God is not obliged by any law to heal all cancer empiricists have consistently rejected the idea of
patients. Ad hoc explanations may be true or causality (i.e. a necessary relation between events)
false, but they are not scientific. Science is not as utterly metaphysical (untestable), hence unsci-
interested in them. entific. They maintained that the objective of sci-
A scientific explanation can be either general ence was merely to describe regularities in relation
or specific. An explanation that pertains to a to successive or co-existing events.
general explanandum is general, whereas one Carl Hempel (19051997) and Paul
that pertains to a subspecies of that explanan- Oppenheim (18851977) were the first to for-
dum is specific. The difference between general malise this conception of scientific explanation.
and specific explanations is only relative, how- Their model is known as the deductive-nomo-
ever. For example, an explanation for the rise of logical (D-N) model. Nomos means law in
nationalism, say, in post-Tito Yugoslavia is specific ancient Greek, so deductive-nomological refers
relative to an explanation for the rise of national- to the capacity of the law to generate deduction.
ism is general. However, it is general relative to (This model has also been called the covering law
an explanation for Bosnian, Serbian or Croatian model.) According to this model, a scientific
nationalism, for example. explanation contains two elements: (1) the spe-
Scientific explanations maintain a certain cific explanandum (the sentence describing the
hierarchy in relation to their generality. The phenomenon to be explained) and (2) the
explanans in the most general explanations is explanans (the sentence containing explanation),


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the latter being the logical conclusion of (a) a Box 2.6 illustrates this, with explanations
general law, plus (b) initial conditions pertaining taken first from natural science and second from
to the specific explanandum. social science.

BOX 2.6
Galileo: falling objects Durkheim: suicide rates
Explanandum Object x falls. Suicide rates among Catholics
are lower than among
Explanans Law Objects with mass Suicide rates vary inversely
attract each other. with the degree of social
Initial conditions Body x and Earth are Catholicism is associated with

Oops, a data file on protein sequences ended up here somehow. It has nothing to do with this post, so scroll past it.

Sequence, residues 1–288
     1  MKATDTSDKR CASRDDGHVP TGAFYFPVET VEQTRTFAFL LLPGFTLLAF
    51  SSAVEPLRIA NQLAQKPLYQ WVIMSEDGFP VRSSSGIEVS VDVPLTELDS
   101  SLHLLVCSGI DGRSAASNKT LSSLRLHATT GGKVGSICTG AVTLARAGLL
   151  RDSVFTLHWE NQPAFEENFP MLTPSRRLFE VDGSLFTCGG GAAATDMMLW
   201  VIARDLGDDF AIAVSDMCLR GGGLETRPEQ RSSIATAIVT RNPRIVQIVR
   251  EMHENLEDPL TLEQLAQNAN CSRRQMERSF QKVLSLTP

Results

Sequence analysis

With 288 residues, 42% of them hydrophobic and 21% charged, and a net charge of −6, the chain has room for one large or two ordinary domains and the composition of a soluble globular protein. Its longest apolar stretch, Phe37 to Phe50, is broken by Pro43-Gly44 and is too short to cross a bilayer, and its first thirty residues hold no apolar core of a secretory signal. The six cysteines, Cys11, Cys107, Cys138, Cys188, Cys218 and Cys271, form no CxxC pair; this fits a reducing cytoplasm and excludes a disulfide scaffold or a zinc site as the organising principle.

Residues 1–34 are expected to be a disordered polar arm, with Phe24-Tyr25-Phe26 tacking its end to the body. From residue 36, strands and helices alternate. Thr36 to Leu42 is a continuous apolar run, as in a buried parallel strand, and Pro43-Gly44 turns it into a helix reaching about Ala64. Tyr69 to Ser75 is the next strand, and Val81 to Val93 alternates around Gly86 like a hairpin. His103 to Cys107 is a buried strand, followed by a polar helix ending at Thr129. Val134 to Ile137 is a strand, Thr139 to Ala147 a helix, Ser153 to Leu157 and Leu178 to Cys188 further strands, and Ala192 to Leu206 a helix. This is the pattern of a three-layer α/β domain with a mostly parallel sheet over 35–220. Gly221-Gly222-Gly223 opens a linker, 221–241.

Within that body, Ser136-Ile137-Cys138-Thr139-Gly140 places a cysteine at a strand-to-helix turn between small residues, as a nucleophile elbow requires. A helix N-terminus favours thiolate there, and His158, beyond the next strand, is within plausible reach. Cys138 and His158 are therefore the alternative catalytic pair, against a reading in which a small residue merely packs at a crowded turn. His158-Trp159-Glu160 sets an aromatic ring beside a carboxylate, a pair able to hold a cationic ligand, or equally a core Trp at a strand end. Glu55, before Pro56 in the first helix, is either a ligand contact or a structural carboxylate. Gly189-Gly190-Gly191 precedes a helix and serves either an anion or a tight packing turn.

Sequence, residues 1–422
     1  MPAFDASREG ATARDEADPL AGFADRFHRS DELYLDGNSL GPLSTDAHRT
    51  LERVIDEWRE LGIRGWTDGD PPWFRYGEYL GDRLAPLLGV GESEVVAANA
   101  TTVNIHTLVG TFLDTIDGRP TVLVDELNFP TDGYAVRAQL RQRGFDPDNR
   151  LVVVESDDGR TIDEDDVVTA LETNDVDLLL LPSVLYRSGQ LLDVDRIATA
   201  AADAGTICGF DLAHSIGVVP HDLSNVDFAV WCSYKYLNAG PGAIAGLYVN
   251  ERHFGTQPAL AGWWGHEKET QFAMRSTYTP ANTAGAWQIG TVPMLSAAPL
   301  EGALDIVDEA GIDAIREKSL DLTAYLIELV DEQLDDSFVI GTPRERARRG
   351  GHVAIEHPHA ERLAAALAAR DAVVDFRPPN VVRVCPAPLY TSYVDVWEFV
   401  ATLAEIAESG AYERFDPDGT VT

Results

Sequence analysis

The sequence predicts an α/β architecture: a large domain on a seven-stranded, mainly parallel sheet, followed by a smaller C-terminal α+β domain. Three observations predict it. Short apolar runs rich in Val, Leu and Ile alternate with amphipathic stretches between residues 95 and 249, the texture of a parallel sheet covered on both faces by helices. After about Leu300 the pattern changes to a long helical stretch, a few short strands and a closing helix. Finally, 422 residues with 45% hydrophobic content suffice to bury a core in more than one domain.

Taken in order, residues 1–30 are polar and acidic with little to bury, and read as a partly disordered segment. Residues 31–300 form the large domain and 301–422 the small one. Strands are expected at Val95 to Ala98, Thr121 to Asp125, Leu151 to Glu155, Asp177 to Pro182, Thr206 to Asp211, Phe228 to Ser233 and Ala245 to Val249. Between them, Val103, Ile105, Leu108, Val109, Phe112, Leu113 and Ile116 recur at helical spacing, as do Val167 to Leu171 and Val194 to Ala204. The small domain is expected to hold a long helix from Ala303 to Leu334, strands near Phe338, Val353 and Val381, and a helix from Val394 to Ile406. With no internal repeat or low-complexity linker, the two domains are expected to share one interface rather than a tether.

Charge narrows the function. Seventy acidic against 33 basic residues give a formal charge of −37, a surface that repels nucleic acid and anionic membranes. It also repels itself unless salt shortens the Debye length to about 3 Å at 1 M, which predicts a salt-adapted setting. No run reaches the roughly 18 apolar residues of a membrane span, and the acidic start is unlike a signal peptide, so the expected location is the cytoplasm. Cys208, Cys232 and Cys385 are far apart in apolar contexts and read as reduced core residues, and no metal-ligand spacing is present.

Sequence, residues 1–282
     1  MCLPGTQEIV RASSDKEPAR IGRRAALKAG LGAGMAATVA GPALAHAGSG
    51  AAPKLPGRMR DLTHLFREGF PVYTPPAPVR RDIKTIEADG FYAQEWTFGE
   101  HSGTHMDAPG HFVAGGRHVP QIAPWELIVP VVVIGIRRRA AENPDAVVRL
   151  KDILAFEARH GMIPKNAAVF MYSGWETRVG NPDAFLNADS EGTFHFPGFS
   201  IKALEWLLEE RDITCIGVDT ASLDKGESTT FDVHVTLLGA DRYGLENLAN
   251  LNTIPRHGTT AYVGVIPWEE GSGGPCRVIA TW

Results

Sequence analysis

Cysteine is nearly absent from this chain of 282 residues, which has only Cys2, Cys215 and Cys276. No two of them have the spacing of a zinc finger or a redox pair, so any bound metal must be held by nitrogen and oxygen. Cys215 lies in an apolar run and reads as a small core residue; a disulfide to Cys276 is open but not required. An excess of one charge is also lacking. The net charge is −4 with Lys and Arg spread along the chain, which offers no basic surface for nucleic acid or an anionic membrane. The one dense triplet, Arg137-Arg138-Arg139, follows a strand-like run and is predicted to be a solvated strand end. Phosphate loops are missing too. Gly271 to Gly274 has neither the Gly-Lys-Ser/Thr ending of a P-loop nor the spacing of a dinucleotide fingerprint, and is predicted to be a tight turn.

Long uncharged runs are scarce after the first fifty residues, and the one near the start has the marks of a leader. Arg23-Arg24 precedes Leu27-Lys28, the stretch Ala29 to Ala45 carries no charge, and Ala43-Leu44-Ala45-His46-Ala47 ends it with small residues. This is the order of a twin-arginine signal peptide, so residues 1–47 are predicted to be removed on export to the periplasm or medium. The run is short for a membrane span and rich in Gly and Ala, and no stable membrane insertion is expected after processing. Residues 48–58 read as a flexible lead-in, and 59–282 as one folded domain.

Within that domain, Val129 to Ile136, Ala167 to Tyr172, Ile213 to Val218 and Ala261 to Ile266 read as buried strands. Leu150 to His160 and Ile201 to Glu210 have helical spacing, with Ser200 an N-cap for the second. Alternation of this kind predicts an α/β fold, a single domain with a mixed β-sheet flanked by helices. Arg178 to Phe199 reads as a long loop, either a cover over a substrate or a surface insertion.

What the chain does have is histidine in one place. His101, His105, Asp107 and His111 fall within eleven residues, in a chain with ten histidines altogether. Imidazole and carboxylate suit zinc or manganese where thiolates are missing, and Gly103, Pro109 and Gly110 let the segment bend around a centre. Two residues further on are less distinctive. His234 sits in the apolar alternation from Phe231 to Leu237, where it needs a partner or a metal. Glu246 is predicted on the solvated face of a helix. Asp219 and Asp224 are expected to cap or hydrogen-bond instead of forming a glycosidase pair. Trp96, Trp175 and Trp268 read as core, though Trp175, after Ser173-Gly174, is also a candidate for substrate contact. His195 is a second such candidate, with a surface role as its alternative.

objects with mass. greater social cohesion than is

The D-N model purports to describe all scien- condition can be deduced from the law pertain-
tific explanations. However, it has been criticised ing to the heredity of heterozygote conditions in
for being overly abstract. In particular, it does not general. Clearly, this model conforms to the
tell us which generalisations could count as laws. same general pattern of the D-N model. The
As we saw earlier, generalisations that merely inductive-statistical (I-S) explanation, on the other
describe regularities are not explanatory. In the hand, involves the subsumption of individual
absence of a consensus on the criteria of lawhood events under a statistical law. This kind of expla-
the D-N model is unclear. nation takes the following form, for example: 25
The model raises yet another difficulty. It per cent of babies born to parents who carry the
describes an explanation as a deduction from gene for cystic fibrosis will have the condition;
deterministic laws. But what about the explana- Xs parents carry the gene for cystic fibrosis.
tory status of statistical laws, laws that speak of Philosopher Wesley Salmons (19252001)
probabilities? Do they explain anything and if so, statistical relevance (S-R) model attempts to cap-
what do they explain? Hempel himself distin- ture the causal essence of a scientific explana-
guished between two varieties of statistical tion as a conditional dependence relationship. To